By Cheryl Baehr
By Nancy Stiles
By Cheryl Baehr
By Patrick J. Hurley
By Cheryl Baehr
By Mabel Suen
By Cheryl Baehr
By Cheryl Baehr
"The chef has burned your chicken Kiev," our server explained candidly, "but he's making you another one. Would you like a few shots of vodka while you wait?" Her offer seemed peculiar to us Americans, but swilling icy shots of vodka before the evening meal is a customary practice in Russia. Drinkers temper each stinging nip with a bite of marinated herring or perhaps a pickled mushroom or a stuffed egg.
Astoria European Cuisine, though not strictly a Russian restaurant, isn't limited to European fare, either. Though the usual caviar and borscht and beef Stroganoff are on the menu, the non-Russian items, such as Indian satay, Greek salad and New Zealand rack of lamb, form a global goulash made even more puzzling by incongruous specials like ostrich and mako shark. It's understandable that Astoria's owners, Sveta Podrabinok and Aleksandr Sardarov, broadened the menu beyond Russian cuisine to increase the restaurant's appeal among conservative diners, but isn't all of Eastern and Western Europe a wide enough swath to cut?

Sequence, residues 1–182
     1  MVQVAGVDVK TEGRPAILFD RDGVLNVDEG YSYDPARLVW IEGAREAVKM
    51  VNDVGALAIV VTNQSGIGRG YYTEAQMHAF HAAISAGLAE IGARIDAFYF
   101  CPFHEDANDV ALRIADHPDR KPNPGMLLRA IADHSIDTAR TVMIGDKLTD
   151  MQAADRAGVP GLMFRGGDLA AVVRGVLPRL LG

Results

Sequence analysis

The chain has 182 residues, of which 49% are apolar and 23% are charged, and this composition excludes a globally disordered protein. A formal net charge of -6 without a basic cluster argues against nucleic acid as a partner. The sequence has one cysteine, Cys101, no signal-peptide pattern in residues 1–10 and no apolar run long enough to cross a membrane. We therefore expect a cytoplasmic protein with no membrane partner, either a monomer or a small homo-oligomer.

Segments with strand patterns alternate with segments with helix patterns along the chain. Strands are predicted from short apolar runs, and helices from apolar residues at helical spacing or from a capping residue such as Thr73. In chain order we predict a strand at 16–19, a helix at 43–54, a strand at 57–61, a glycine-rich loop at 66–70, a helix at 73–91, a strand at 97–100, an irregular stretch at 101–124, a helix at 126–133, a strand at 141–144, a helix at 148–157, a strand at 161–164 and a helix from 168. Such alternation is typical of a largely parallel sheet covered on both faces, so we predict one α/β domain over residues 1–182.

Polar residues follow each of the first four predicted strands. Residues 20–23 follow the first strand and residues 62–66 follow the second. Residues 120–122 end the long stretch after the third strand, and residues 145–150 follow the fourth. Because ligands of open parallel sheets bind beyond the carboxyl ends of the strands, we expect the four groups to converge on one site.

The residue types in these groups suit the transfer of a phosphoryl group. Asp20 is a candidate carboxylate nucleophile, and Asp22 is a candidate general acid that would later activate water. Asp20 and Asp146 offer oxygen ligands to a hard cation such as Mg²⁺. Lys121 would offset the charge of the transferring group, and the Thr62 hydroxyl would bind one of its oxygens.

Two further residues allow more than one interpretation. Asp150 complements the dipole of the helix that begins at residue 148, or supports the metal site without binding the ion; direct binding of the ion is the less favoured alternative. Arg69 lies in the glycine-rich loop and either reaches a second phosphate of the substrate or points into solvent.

Most of us are familiar with only a few Russian foods, but the 15 former Soviet republics sweep a quarter of the way around the world. People of a hundred different ethnic identities populate the motherland, and influences on its cuisine are just as diverse. In particular, French preparation techniques and classic sauces were adopted during the 18th century, when czars and noblemen recruited the cleverest chefs from France or sent promising young serfs to train in Paris. The wanton feasts they concocted included freakish side dishes such as cows' eyes in sauce, salads such as one made with hundreds of tiny herring cheeks and ostentatious main courses such as baked young swan and roasted peacock, its resplendent feathers left intact. Today, fortunately, the Russian banquet table features more pedestrian choices.
Though Russia is a country of enchant-ing regional cuisines, bread is a revered staple common to all of them. Astoria's appetizer menu features khachapuri, a flat, delicate round of bread with a fine, soft crumb. It's split into two layers and stuffed with melted mozzarella and feta cheeses. In the Russian republic of Georgia, the name of the dish translates as "cheese pie," and it's eaten in crowded, smoky khachapuri parlors similar to our pizzerias.